We are being fooled by people who believe that fooling us is in their interest. Most of these people, however, are fooled in their turn. They believe the lies they are told, and very often believe the lies they tell. So they fool us to fool themselves, and fool themselves into thinking that fooling us is not just good for them but good for us, too. So they are not the people who know the truth and hide it from us; they are instead the people who remain in darkness. In fact, everybody is in darkness.
The only proper response is to disobey — to refuse to believe what we are told to believe and thus attempt to sabotage whatever it is that the false system wants us to do. All very well if we can be sure that simple refusal is enough. However, what the false system also wants is quiescence — surrender. It wants us not to ask questions or take any action against the false system. This has been a major concern of totalitarian systems for a longish while; appropriate methods were applied by the NKVD against the more public trialists during the Stalinist Terror, and were developed by the CIA as a result of their fascination with what they called “brainwashing” in Korea. (There was no real “brainwashing”, but the CIA wanted to believe that they could change people’s mental states and so claimed that the Chinese were doing it — in the same way that the US Cold War military always claimed that the Russians had developed a weapon which they actually wanted for themselves.) This ended up with the MK/ULTRA research so well documented in Naomi Klein’s The Shock Doctrine, some of which research has found its way into sales techniques and political science.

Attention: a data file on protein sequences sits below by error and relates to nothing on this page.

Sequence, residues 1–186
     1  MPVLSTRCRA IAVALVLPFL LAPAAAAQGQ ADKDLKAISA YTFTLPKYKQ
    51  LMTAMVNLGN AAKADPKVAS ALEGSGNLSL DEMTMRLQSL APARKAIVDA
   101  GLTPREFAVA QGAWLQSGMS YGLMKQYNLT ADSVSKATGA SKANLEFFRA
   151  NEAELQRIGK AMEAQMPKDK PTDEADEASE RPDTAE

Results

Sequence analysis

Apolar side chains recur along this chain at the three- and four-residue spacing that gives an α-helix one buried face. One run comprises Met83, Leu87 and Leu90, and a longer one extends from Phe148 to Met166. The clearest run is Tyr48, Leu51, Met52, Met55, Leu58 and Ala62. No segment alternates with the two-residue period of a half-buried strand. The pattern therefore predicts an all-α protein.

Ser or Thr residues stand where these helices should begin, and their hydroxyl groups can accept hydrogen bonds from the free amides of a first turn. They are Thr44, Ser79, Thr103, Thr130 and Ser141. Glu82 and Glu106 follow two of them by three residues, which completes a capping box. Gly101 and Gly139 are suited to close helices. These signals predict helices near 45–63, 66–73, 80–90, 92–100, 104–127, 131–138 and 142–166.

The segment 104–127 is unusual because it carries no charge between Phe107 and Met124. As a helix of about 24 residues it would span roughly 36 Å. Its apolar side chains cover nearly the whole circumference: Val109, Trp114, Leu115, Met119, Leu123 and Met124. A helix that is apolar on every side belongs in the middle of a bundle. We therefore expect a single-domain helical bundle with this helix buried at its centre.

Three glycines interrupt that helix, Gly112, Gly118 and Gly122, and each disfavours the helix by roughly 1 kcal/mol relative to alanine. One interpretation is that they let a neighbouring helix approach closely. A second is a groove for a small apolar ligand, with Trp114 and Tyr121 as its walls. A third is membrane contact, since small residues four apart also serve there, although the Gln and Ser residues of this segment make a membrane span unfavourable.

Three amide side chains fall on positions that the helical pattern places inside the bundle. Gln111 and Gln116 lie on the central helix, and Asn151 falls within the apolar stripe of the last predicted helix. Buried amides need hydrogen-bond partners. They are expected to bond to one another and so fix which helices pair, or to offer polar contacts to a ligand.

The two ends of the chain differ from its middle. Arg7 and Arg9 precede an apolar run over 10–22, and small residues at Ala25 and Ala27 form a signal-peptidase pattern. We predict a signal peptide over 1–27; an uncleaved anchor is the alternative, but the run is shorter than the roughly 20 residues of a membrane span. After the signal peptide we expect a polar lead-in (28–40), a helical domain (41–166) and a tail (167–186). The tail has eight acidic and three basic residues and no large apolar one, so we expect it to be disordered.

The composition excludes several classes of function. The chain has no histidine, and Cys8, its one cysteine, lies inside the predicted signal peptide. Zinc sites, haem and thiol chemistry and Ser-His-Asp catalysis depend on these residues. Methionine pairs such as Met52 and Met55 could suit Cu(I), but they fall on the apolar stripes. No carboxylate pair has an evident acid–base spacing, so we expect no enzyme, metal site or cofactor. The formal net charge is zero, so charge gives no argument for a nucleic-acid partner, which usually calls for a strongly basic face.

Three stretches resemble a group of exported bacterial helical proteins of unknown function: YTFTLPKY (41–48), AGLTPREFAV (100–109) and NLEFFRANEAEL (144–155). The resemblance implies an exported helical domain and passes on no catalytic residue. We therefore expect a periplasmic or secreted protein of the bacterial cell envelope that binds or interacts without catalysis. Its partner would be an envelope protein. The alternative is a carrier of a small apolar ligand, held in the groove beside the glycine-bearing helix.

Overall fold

So it is tempting to withdraw and run away and hide from the lies, but this is also what they want.
But how to challenge the lies? How to know what the truth is? Granted the truth is presumably not what they say it is, but there is then an infinity of truths which could exist. Go into issues in enough depth so that there is knowledge which can be acted on (for vague knowledge is useless) — and there the depth is enough to sink you. What is truth? Where is the answer? How much doubting can a person stand? If everybody is lying, then nobody is telling the truth . . .